Redbrick Comment: Let’s Hall Be Friends

My name is Victoria, I’m a second year and last year I lived in Shackleton Hall. Thoughts?  Of course you have ideas, generalisations, probably a few stereotypes about what I would be like because of the place I lived last year.  Despite the chants, my dad doesn’t pay my fees and I’ve got a student loan.  I have friends who lived in Tennis Courts, Elgar and dare I say it, Mason.  Even a few from the Beeches and Pritchatts Park.  This year it would seem that your Hall of Residence, the place where you were randomly allocated to live, defines you.  Hall Rivalry has amplified for the Freshers of 09 with cruder chants coming from louder voices and having witnessed it first hand as a Hall Ambassador for the Freshers this year, I fear that the fun and banter  I used to enjoy and revel in may be being taken a step too far…

When I touched down in Shackleton this time last year, the patriotism and pride for it wasn’t half as strong and I believe it was similar for a lot of the other halls.  I didn’t even know who our RA were or what they did until the new one was elected.  But the class of 09 are already devout Shackletonians, living and breathing in not only the smell of Fusion food, but true love and admiration for their hall and now much admired President.  I think this is brilliant.  I enjoy the Hall spirit, the sense of belonging that most Freshers crave in their first few weeks of University and I believe this territorial outlook is necessary, to an extent.  The jokey chants that fly between Aitkin, Mason, Jarratt, Vicky Halls and the rest is amusing and the banter can be quite exciting.  It’s fun, it’s games and the healthy competition is a good way to meet and interact with people from different halls who you may not otherwise speak to.  In the first few weeks of Uni when you don’t know many people apart from your flat or block mates, revelling in a bit of hall on hall teasing is good and totally relevant.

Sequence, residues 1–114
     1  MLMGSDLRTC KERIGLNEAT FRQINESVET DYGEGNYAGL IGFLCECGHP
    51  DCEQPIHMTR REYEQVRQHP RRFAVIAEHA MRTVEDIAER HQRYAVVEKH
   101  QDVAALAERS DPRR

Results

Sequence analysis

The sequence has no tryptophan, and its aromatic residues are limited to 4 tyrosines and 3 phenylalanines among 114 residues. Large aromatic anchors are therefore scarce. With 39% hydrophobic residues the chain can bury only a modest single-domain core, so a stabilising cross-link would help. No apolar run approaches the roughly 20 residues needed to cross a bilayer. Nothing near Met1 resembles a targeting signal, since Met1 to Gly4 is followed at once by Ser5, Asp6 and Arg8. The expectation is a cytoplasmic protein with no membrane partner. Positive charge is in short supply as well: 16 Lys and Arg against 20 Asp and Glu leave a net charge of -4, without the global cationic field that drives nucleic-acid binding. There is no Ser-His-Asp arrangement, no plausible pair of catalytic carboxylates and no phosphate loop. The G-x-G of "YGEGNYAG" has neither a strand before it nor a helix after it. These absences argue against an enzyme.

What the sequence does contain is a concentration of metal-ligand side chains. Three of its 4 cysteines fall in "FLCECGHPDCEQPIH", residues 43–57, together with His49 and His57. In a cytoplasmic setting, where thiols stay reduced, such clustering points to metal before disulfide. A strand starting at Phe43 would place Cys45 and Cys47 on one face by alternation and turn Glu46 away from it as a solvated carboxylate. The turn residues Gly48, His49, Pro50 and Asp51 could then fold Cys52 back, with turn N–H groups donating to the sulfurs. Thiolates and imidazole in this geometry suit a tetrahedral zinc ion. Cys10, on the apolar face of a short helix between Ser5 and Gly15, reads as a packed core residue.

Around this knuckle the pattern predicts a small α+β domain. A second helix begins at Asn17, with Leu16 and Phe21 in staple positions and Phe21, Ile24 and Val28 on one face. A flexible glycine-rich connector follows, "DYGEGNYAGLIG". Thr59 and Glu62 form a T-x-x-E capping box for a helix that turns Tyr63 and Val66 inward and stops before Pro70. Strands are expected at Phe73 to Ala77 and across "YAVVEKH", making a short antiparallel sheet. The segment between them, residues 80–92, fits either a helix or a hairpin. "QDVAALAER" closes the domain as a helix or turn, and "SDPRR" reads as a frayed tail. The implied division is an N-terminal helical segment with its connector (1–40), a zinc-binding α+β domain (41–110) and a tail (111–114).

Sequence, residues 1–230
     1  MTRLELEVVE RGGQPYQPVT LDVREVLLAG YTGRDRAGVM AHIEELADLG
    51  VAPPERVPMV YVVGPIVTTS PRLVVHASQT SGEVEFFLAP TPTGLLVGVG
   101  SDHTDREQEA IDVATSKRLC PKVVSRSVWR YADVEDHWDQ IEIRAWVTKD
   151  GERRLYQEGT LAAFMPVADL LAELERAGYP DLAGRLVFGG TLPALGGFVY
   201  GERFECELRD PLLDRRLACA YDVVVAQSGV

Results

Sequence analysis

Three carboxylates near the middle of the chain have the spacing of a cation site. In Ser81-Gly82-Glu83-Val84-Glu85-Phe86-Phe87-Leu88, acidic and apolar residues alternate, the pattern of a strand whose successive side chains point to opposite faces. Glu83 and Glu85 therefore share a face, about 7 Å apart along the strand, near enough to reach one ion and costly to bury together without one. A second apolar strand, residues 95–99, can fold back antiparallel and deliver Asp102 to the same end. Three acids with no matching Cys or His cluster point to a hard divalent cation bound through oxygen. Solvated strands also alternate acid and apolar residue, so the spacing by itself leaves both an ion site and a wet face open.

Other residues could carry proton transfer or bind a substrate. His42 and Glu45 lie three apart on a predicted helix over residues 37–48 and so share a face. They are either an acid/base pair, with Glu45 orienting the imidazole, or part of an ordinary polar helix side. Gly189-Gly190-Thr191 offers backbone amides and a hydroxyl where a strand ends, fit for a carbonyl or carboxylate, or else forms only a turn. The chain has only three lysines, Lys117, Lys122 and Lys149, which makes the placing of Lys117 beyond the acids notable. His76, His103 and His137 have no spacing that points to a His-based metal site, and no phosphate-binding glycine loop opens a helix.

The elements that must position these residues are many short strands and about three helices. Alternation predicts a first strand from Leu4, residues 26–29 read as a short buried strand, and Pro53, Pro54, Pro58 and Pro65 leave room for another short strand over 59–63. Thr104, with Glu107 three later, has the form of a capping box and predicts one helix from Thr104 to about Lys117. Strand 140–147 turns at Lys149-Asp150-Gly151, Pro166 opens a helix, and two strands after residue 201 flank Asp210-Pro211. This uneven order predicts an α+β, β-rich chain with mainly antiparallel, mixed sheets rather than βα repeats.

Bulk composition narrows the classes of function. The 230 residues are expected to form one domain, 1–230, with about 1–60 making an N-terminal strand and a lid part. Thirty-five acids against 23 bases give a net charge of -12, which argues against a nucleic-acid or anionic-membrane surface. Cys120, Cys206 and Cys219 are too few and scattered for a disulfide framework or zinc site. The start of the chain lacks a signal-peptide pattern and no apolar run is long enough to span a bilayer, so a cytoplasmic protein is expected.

But then you hear the rumours that a Fresher got egged by other Freshers from ‘opposing’ Halls.  And you hear gossip about those Tennis Court boys who urinated on Mason windows.  I was even confronted by a Pritchatts resident in Mechu on a night out who (drunkenly) made her opinions about the Vale and the ‘fat ugly’ girls who lived on it well heard.  Is this not ridiculous and a fine example of the step too far I was referring to?  Isn’t that dismissing the banter (yes I love that word) and really putting meaning to the ‘rival’ in Hall Rivalry.  I understand that in a jokey fashion we say things about other Halls and their residents but not seriously, on a night out in Mechu?!  And what does it matter anyway?  At the end of the day we are all here, studying for a degree at the University of Birmingham.  Aren’t we all in the same place? Won’t most of us move to Selly Oak after our year in Halls is up?  Shouldn’t we be making as many friends as we can rather than enemies with people who are exactly the same as us apart from their address?

The notion of the ‘battle of the halls’ is always going to be current, whether we like it or not.  I’m sure that Colourfest in a few weeks will see some fierce competition and hopefully some mutual fun for our Freshers.  I do believe it is entirely necessary to feel the Hall spirit and some pride for your Hall, but let’s leave it at that eh?  Let’s forget the aggression and enmity and make the most of Freshers year without eggs and confrontations.  I reckon we should hall just be friends…

Printed in Redbrick: 12th February 2010


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